In these or other embodiments, the activity tracker may include a heart rate monitor may include one or more systems, apparatuses, devices, or modules configured to determine the heart rate based on the detected indicators. In some embodiments, an occurrence in a life of the particular tracked individual may include a heart rate of the particular tracked individual, a heart rate maintained by the particular tracked individual for a particular amount of time, a heart rate recovery time, etc., which may be determined by the host controller (or by an external computing device) based on data received from one or more heart rate monitors or from other activity trackers or sensors.

The power tool 200 may also include any number of haptic feedback devices that may provide any type of haptic feedback to the user.

FIG. 3 illustrates an example computational processing flow 300 for multi-modal data acquisition, signal processing and/or control. These functions may be obtained by analysis of measurement data from force sensing elements, dimensional strain sensing elements, motion sensing elements, and environmental sensing elements or other sensors or activity trackers.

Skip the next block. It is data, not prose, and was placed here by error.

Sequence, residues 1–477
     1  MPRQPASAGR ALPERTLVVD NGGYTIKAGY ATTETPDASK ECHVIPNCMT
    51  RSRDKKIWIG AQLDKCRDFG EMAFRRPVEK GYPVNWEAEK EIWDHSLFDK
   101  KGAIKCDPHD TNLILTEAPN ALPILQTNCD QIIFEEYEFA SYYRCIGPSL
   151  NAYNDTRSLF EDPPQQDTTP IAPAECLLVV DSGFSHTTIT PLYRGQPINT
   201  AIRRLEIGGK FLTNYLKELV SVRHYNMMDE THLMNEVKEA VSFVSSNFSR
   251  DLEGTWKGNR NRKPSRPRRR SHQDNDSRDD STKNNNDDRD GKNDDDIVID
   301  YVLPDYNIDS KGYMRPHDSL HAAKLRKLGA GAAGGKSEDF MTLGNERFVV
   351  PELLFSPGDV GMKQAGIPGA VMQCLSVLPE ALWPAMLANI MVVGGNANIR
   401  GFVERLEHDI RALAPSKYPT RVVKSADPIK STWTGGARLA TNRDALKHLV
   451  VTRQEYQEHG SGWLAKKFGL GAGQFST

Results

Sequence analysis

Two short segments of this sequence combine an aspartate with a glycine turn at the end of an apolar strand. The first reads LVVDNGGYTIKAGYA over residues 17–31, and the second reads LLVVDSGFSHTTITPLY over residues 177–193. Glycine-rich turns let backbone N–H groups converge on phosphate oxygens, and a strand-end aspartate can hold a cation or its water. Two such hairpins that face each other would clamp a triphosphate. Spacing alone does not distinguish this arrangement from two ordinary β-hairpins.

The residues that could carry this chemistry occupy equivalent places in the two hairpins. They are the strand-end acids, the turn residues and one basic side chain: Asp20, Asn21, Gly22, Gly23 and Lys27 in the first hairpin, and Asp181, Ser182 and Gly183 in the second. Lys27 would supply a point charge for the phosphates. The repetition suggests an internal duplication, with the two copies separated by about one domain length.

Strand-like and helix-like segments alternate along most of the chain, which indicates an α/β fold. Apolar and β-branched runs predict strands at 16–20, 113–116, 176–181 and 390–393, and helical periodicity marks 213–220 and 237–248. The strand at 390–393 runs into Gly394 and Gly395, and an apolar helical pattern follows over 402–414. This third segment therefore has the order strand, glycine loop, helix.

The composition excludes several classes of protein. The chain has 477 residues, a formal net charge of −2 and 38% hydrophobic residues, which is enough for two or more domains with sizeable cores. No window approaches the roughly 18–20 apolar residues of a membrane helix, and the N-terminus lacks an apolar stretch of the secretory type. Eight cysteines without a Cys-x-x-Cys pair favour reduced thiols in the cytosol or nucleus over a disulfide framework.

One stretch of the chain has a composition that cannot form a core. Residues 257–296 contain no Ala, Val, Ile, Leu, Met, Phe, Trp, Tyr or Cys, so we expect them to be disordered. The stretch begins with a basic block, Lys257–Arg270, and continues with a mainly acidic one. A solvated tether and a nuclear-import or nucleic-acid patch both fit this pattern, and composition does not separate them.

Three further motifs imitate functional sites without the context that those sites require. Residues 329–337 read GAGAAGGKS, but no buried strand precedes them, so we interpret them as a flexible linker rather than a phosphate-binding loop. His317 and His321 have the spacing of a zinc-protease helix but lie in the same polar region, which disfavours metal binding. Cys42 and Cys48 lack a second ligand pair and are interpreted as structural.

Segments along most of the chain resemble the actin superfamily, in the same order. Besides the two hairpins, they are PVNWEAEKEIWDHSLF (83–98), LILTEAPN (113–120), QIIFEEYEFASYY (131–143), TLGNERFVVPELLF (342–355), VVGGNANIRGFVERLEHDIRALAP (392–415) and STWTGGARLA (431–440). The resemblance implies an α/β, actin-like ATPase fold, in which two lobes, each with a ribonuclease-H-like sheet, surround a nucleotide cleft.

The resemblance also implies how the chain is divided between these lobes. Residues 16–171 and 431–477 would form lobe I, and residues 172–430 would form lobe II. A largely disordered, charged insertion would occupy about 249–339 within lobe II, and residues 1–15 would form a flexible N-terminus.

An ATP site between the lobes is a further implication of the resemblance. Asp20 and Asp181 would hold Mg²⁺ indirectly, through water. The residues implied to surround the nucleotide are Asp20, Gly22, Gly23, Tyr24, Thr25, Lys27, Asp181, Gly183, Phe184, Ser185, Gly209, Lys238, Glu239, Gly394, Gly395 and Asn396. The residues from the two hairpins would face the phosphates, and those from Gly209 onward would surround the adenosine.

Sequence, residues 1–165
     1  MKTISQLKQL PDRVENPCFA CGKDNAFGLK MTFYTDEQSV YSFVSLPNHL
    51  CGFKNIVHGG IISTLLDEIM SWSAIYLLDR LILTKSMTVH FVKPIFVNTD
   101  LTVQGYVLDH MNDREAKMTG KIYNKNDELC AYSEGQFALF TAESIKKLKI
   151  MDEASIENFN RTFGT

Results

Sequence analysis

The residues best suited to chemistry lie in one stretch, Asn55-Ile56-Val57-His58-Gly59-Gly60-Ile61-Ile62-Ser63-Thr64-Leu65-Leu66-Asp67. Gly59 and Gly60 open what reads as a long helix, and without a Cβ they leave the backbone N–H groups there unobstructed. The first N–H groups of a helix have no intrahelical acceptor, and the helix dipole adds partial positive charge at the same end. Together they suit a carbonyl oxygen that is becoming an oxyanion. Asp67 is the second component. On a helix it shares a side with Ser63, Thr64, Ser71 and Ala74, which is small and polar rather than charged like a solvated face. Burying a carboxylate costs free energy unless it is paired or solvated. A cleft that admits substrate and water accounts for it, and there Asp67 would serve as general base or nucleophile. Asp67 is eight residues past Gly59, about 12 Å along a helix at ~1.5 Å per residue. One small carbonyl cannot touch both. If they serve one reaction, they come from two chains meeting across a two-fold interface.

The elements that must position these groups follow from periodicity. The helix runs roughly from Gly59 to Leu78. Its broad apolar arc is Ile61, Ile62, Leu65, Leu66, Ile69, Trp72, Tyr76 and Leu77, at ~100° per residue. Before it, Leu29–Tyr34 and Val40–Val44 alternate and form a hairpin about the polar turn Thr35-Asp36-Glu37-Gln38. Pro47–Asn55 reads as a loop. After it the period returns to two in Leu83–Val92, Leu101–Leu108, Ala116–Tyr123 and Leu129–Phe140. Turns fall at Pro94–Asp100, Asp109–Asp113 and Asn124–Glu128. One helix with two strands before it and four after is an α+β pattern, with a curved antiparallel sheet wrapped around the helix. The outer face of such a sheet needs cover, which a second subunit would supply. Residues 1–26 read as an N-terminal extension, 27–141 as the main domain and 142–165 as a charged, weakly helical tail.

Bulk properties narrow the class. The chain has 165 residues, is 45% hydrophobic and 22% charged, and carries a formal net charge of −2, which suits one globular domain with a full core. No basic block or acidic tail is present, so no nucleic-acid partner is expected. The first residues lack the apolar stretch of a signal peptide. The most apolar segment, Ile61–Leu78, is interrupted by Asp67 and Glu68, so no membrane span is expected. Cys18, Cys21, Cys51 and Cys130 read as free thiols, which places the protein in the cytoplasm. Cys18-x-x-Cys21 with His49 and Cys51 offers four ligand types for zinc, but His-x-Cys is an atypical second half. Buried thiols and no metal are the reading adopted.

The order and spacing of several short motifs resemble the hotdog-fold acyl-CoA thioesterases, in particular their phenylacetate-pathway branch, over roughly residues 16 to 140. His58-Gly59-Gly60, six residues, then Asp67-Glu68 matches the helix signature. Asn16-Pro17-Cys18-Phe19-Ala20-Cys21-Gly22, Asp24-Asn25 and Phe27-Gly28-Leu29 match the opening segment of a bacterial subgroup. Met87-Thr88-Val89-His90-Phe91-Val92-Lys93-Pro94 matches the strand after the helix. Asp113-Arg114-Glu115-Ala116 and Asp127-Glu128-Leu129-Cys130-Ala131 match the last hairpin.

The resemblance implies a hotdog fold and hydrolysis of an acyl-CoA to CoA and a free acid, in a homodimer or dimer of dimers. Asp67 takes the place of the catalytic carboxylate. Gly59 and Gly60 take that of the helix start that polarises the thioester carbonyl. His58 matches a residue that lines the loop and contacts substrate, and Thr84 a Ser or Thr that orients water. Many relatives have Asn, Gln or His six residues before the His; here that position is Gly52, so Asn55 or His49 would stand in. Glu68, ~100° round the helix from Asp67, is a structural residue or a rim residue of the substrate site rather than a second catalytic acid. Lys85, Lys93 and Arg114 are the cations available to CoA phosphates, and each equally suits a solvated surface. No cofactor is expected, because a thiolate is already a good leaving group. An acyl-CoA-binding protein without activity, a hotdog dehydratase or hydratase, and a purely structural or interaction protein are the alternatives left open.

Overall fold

The processing flow 300 may be performed by processing logic that may include hardware (circuitry, dedicated logic, etc.), software (such as is run on a general purpose computer system or a dedicated machine), or a combination of both, which processing logic may be included in the system 100 and/or power tool 200 of FIG. 1 or 2, or another computer system or device. However, another system, or combination of systems, may be used to perform the methods. For simplicity of explanation, methods described herein are depicted and described as a series of acts. However, acts in accordance with this disclosure may occur in various orders and/or concurrently, and with other acts not presented and described herein. Further, not all illustrated acts may be used to implement the methods in accordance with the disclosed subject matter. In addition, those skilled in the art will understand and appreciate that the methods may alternatively be represented as a series of interrelated states via a state diagram or events. Additionally, the methods disclosed in this specification are capable of being stored on an article of manufacture, such as a non-transitory computer-readable medium, to facilitate transporting and transferring such methods to computing devices. The term article of manufacture, as used herein, is intended to encompass a computer program accessible from any computer-readable device or storage media. Although illustrated as discrete blocks, various blocks may be divided into additional blocks, combined into fewer blocks, or eliminated, depending on the desired implementation.

The method may begin at block 305 where the processing logic may determine that a drilling mode has been selected for the multi-function power tool.